What if you could find out who your soulmate was? Not through dating or reality shows like Sexy Beasts, but through an implant that tells you without a shadow of a doubt what the face of your perfect match would be? Would you want to know? This is the interesting and absorbing premise of French ‘near future’ show, Osmosis.
Osmosis is a dating app dialled up to the nth degree. It's a world where anyone can don a virtual reality headset and engage in casual electronic sex.
But Osmosis aims to stand out from the crowd by decoding the sub-conscious brain and identifying the one and only soulmate for you. We join the Netflix show as the product enters beta testing and see the journeys of some key candidates as technology seeks to take the guesswork out of true love.
There is a dash of Black Mirror and a large dollop of Channel 4’s Humans in the presentation of Osmosis. But unlike those two, there is a very European warmth holding it together.
The gentle techno music is fused with a languid ‘near future’ technology aesthetic. The normality of the outside world is contrasted by the Osmosis offices sheer edged and pulsating lights. But cleverly Osmosis doesn’t get absorbed into its own technobabble. The character journeys are well paced and kept me riveted throughout the short 8 episode run.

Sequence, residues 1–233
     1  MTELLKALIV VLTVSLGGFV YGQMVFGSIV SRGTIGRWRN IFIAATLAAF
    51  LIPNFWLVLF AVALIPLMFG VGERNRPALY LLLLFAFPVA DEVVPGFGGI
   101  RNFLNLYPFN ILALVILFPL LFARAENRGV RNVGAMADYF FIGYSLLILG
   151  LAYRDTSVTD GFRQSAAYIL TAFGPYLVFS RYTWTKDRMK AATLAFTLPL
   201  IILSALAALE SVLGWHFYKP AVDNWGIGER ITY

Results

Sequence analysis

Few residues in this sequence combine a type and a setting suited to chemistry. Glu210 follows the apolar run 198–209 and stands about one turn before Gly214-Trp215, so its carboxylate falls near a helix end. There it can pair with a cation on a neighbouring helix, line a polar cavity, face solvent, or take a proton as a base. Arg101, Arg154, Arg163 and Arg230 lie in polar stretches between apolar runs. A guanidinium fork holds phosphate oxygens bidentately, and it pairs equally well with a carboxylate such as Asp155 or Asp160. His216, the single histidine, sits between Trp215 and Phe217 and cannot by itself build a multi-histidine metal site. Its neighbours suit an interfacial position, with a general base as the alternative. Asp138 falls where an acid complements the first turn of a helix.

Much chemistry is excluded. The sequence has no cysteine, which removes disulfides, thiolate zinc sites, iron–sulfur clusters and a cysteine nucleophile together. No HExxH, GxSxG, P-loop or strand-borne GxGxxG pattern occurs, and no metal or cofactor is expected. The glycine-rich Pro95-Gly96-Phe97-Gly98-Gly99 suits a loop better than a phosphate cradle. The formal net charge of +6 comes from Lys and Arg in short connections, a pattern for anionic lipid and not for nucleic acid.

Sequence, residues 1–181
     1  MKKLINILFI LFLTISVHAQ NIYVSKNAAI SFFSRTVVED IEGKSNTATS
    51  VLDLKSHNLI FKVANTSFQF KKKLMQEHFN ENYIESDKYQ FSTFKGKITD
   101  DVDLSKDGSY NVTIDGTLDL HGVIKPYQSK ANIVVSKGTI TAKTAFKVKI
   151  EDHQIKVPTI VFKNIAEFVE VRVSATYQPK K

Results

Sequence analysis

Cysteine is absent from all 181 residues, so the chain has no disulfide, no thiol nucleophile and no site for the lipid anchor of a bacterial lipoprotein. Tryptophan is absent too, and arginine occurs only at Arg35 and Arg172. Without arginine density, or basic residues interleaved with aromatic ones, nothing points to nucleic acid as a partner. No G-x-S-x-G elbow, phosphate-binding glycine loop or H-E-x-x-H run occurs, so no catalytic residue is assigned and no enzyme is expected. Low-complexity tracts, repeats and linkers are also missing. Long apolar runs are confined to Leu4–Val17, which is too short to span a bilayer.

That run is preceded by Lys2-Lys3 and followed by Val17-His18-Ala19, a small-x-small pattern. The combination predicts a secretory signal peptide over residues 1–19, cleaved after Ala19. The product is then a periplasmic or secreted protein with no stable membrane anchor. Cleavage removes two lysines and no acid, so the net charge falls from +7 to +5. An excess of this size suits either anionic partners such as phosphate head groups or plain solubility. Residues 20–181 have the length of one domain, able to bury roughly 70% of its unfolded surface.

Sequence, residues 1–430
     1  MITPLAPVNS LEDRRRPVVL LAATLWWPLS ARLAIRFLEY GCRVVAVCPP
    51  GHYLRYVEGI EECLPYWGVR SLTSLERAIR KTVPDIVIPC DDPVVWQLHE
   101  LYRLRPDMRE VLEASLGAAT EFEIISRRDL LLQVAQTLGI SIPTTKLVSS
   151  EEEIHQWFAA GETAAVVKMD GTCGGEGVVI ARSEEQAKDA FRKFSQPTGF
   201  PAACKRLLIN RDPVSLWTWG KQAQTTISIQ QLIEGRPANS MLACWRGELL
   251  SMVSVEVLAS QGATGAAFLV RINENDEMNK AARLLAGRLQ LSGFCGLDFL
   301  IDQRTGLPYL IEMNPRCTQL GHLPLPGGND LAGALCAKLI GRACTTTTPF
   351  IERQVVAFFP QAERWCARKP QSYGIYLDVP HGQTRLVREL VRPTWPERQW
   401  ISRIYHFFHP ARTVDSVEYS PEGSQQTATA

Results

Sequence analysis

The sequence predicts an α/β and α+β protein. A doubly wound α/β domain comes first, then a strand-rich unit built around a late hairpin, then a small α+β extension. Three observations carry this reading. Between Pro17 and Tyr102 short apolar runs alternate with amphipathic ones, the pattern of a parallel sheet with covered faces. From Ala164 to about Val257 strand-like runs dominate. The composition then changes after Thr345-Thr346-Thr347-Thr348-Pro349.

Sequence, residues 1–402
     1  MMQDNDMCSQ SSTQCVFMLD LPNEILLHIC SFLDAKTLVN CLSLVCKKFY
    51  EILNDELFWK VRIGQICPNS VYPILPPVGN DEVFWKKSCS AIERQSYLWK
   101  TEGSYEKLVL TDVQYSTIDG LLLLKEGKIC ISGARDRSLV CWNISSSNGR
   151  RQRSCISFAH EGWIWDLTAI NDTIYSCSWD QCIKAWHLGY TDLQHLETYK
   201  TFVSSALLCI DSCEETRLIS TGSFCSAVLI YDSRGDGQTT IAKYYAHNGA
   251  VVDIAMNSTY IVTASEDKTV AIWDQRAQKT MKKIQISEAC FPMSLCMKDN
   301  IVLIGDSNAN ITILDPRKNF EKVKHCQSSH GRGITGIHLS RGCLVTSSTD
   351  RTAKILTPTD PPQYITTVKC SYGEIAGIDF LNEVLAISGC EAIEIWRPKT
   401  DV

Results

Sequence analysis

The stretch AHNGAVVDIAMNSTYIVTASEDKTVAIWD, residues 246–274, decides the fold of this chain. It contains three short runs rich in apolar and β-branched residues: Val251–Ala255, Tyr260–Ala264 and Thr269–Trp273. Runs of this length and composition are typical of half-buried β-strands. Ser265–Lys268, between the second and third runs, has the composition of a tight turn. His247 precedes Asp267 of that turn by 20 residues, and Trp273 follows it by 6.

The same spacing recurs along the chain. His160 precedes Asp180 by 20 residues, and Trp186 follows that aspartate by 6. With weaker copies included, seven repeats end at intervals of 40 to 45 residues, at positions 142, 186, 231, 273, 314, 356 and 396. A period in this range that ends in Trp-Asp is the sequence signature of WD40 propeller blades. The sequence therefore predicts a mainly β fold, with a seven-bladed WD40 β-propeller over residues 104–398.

The show explores the repercussions of Osmosis on three key beta testers. Lucas is torn between his perfect husband and his cheating ex and wants to know who to pick.
Ana is a dumpy woman with low self-esteem that gets matched to super-fit personal trainer Simon. And Niels, a teenage self-confessed porn addict is looking for love to cure him of his illness. These sub-plots interweave with the main one whilst also doing their own elements sufficient justice.
The core characters are Paul and Esther Vanhove (Agathe Bonitzer), enigmatic founders of Osmosis. Paul’s soulmate success story with Josephine is shattered when she leaves (or has she been kidnapped) opening up the story to corporate espionage.
Just what happens when you put your faith in technology to confirm who is the one? And what happens if you lose the only soulmate you will have? Esther, conversely, is cold but lonely. Her harshness is tempered by a plot line that has her trying to revive her mother from a coma. As well as the ethically dubious methods she uses along the way.
Even in all this, the show has other great facets to it. Such as the reliance of Osmosis on artificial intelligence called ‘Martin’ which just so happens to mysteriously glitch at points.
Or the corporate takeover plot that bubbles under the surface. And then there is the effect of reliance on a black void known as ‘virtual space’ where two implanted soul mates can euphorically bond in nude revolving comfort.
This isn’t titillation. It is gorgeously choreographed and emotive cinematography. Although that said, there is plenty of very French sexual indulgence also…
My only criticism would be the ending feels like they simply ran out of time and a couple of plot threads are left dangling. With quality this high, my fingers are definitely crossed for a season 2.
Words by Michael Record